Link: A Columnists on Columns

The Guardian's Hadley Freeman is ending her time as a columnist and takes time in her final column to discuss her career and being a columnist. A couple things stand out for me: "Here’s a funny thing: I can’t recall a single day – and there were thousands – that I spent sitting at my desk writing a column", which is very true. News does not happen in a news room or at a desk. She cites columns by others that are controversial and that she disagrees with, noting the importance of ideological differences. Freeman laments the polarization which exists today. [One of my favourite nights out working in national journalism was in 2009 involving people who are today key...

Toronto With Some People Again

Walking down the escalator to the subway platform I noticed something different this morning, there were people waiting for the next train. I had to stand find a six foot separated spot to stand, the first time I needed to during this pandemic. What a change from mid-May 2020 when I went into Toronto to retrieve my belonging. (I left 10 days into the COVID crisis once my work supporting students on-campus was complete, leaving most of my items behind as I stayed with a friend) That May 2020 trip was surreal. Taking the GO Train into Toronto, I counted the number of people waiting at Oakville, there was seven people waiting for the entire length of the platform. Pre-COVID,...

Insightful NP Column Talking with PPC members on Why They Joined

Election polling is showing the People's Party of Canada growing in support. Why is this and what does it mean for the future of Canada's political landscape? These questions will be explored in the coming weeks, I am hearing of work being done by national journalists and academics to answer some of these questions. Here in Hamilton, I am seeing many blue-collar acquaintances joining the PPC for a variety of reasons. The PPC is appealing to people I know who have a working class conservatism, a "live and let live" approach to social issues, and who are disenchanted at mainstream discourse. Can the PPC morph into a new political movement much as the Reform Party did in the late 1980s...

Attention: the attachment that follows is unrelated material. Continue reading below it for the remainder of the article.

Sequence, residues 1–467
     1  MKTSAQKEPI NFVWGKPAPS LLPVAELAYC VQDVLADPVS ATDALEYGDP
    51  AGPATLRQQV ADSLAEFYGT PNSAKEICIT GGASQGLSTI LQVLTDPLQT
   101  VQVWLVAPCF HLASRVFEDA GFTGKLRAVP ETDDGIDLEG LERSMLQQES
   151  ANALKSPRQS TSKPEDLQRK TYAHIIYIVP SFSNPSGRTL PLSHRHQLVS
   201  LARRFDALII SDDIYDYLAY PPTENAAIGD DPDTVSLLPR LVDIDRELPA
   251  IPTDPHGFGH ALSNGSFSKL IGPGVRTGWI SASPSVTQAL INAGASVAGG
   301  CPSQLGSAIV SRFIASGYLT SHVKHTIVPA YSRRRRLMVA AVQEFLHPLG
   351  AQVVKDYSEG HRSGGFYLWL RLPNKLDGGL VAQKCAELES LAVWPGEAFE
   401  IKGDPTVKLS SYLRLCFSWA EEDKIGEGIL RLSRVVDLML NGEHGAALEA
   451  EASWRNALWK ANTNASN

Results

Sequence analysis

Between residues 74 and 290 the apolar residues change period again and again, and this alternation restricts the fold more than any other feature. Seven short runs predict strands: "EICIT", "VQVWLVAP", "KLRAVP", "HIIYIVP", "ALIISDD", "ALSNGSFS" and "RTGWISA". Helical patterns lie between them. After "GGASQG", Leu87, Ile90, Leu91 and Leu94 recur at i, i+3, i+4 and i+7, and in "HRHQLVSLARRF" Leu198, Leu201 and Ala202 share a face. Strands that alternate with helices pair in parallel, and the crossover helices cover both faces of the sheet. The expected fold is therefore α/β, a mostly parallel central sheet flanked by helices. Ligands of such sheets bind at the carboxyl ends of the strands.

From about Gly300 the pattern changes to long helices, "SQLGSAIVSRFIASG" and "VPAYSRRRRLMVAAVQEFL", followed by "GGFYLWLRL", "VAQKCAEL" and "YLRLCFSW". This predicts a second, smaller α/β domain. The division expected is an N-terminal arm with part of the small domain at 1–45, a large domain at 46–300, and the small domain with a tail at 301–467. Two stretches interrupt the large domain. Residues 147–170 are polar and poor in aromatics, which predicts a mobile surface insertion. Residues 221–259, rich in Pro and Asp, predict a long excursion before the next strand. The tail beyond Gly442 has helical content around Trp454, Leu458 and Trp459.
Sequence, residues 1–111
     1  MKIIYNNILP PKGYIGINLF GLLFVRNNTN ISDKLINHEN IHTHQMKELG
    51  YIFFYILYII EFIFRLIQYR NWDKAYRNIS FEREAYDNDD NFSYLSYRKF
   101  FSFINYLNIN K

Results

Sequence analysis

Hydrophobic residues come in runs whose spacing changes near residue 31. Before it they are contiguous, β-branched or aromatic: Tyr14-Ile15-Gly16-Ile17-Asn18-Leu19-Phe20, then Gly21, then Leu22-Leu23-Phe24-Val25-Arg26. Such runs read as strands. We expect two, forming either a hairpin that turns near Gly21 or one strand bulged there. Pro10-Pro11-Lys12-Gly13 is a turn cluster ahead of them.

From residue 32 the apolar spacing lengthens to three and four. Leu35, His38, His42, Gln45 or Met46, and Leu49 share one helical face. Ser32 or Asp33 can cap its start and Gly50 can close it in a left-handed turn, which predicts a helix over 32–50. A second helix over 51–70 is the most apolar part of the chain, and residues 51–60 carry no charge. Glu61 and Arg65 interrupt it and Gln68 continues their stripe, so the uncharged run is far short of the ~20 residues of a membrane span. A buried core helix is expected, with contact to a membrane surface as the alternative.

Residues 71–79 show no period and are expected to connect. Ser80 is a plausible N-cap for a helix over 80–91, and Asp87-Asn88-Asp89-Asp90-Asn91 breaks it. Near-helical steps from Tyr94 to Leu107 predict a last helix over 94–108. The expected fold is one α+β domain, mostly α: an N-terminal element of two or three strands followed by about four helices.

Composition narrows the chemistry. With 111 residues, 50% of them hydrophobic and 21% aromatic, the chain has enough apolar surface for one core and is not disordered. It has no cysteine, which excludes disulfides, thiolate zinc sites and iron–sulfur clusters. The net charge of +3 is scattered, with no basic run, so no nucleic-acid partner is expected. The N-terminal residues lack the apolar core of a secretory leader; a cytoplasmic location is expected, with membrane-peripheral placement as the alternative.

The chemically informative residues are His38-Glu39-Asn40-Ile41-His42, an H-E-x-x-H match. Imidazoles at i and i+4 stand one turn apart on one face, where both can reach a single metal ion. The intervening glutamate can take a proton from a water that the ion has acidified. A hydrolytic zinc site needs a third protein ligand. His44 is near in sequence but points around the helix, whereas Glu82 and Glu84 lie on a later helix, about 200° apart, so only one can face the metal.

9/11 - Twenty Years Later, My Reflections of the Day

Twenty years later, what memories have stuck with me of the day war came to North America? Unexpectedly, the initial shock is not a primary memory. Of course I remember being momentarily frozen, then hectically scrambling to get to the Hamilton armoury. The eyes of an older woman looking at me on the bus going downtown, her and others not knowing what to say. Was she thinking of relatives who served in previous wars? The memory of the day I keep coming back to is waiting for the special edition of The Hamilton Spectator printed that afternoon. I was posted to wait for it to arrive at Maves Variety across from the armoury and buy a bundle. There was television,...

Transitioning Out of the Pandemic I: Attending Mass

My first Mass as a double-vaccinated person was unexpected, I was struck by the silence of the nave as physical distancing and the muffling of masks created an unexpected acoustic experience....

I Welcome The Reopening, Even If I Must Wait Until Mid-August

The COVID reopening is good news. Starting this coming Friday July 16, nearly all indoor activities resume. For me, it will create challenges as my vaccination cycle will not complete until the middle of August. I live in Hamilton's L8R postal code and am in 30s age bracket. I received my first dose appointment, on July 1st. [The pharmacist was amazing]. July 29 is when I qualify for my second dose, and I plan to find a walk-in appointment that day. It being a Thursday, I expect I'll have my pick of pharmacies to get my second dose. [I plan to return to the same pharmacy if possible] My August long-weekend will be the recovery period. August 13 is when...

The Almost-Normal Days of The Second July of COVID

Who knew it is the second Friday? I thought to myself, looking at the pop-up sellers on James Street North during my Friday walk. Life is quickly returning to some semblance of pre-COVID patterns. There are only a handful of pop-ups this Friday night, a few selling knick-knacks, with some original art in the mix. The flea market vendors are sure to return in August. Expect James Street to be packed on Friday, August 13. There is a poetic element to the first Art Crawl on Friday the 13th, as the COVID emergency became apparent to all in Ontario on March 13, 2020 A man is walking between the restaurant patios, selling single roses. The front porch band is playing...